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The Inland Fisheries Service replaced the Inland Fisheries Commission in March 2000 under new legislation, the Inland Fisheries Act 1995, which established a Director of Inland Fisheries and the Inland Fisheries Advisory Council to advise the Minister responsible. The Act sets out the Responsibilities of the Service, including its core functions and jurisdiction.

Lake Oberon

The Inland Fisheries Service replaced the Inland Fisheries Commission in March 2000 under new legislation, the Inland Fisheries Act 1995, which established a Director of Inland Fisheries and the Inland Fisheries Advisory Council to advise the Minister responsible. The Act sets out the responsibilities of the Service, including its core functions and jurisdiction.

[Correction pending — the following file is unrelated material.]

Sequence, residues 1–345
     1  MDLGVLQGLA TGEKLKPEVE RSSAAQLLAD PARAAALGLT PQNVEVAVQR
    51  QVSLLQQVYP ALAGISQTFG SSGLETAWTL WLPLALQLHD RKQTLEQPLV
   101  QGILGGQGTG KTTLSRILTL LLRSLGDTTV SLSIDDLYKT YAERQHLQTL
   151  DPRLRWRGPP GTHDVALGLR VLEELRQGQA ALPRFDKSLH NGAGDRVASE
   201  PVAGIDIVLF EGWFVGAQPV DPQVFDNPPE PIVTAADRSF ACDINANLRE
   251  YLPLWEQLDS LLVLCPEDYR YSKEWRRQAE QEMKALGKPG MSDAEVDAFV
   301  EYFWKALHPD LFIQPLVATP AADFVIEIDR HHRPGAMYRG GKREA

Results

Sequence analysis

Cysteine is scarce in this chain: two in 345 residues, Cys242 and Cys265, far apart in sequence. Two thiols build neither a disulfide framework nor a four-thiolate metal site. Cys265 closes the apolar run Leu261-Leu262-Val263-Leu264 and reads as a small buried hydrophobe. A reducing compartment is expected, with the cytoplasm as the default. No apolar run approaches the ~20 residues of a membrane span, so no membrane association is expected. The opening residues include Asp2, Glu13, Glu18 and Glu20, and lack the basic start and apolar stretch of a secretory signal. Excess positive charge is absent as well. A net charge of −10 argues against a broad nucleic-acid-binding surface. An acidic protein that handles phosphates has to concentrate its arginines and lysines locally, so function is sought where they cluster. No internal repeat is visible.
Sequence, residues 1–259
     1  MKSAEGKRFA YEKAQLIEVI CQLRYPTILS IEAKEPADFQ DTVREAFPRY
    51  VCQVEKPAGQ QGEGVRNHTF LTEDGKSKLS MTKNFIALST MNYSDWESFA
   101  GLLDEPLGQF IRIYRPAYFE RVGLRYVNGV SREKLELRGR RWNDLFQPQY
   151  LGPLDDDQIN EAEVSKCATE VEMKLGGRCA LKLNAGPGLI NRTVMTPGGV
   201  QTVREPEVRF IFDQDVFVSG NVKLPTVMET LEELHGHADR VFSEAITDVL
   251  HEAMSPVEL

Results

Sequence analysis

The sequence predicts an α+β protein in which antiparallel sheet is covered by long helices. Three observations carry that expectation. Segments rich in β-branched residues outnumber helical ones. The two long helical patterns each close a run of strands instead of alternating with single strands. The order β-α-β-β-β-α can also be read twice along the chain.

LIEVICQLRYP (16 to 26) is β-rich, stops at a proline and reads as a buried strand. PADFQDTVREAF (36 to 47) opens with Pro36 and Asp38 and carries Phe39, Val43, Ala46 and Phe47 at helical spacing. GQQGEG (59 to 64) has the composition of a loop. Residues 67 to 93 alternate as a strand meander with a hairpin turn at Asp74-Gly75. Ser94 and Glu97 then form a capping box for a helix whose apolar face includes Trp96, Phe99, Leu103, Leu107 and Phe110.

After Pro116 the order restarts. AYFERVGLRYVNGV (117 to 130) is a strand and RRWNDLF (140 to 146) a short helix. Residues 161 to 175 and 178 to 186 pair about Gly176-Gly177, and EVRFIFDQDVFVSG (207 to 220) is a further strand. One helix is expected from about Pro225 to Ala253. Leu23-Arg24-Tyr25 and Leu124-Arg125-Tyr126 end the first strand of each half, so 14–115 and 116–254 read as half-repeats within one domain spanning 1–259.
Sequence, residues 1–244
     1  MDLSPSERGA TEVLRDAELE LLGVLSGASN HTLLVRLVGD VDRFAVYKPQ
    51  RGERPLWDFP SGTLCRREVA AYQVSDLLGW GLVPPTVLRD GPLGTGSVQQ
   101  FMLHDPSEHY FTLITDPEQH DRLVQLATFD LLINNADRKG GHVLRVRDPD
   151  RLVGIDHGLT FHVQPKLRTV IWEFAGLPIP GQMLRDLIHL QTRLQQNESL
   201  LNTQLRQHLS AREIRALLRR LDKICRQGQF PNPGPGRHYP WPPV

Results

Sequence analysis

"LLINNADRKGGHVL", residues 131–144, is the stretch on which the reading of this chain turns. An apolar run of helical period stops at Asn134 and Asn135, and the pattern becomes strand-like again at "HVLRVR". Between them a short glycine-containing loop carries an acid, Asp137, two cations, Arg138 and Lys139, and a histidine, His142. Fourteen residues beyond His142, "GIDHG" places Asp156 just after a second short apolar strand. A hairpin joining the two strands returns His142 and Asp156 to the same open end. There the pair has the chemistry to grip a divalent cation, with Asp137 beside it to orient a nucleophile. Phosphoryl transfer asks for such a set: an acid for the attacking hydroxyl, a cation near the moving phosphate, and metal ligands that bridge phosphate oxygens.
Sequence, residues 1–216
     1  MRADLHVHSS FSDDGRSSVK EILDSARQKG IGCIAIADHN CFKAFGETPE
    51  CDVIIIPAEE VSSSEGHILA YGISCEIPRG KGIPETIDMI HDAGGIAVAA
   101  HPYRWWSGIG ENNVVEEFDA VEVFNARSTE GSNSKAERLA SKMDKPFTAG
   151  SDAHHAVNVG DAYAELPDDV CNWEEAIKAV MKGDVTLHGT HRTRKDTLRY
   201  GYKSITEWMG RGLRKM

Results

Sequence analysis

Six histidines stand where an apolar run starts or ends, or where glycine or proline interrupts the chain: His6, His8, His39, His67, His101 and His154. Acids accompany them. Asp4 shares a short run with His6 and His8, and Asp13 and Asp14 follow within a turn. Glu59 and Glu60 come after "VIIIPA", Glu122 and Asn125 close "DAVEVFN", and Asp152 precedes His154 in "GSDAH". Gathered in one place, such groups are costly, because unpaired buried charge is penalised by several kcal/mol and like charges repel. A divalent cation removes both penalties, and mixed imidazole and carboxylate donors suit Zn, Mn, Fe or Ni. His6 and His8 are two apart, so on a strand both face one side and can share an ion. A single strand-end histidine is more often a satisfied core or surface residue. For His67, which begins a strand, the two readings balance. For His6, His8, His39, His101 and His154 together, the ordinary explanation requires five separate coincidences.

The previous Commission had operated as an autonomous statutory body since the late 1950's. It replaced the original Salmon Commission, which was set up in the early 1860’s with the aim of establishing a salmonid fishery in Tasmania. At that time, the ‘Salmon Ponds’ at Plenty was built by the Commission to grow live salmon and trout eggs shipped from England for the stocking of Tasmanian inland waters.

Under the Act, the Service has jurisdiction over fish in all inland waters in the State. This includes all waters on the inland side of the Seaward Limit, which is the boundary between marine and inland waters, and covers lakes, rivers, farm dams, registered private fisheries, ponds and aquaria.

Key areas of inland fisheries include the management of the Recreational Fishery, Commercial Fishery and biodiversity, which covers native fish conservation, pest fish management and freshwater habitat protection. The Inland Fisheries regulations govern all these areas and are enforced by the Compliance section of the Service, made up primarily of Inland Fisheries Inspectors and authorised officers.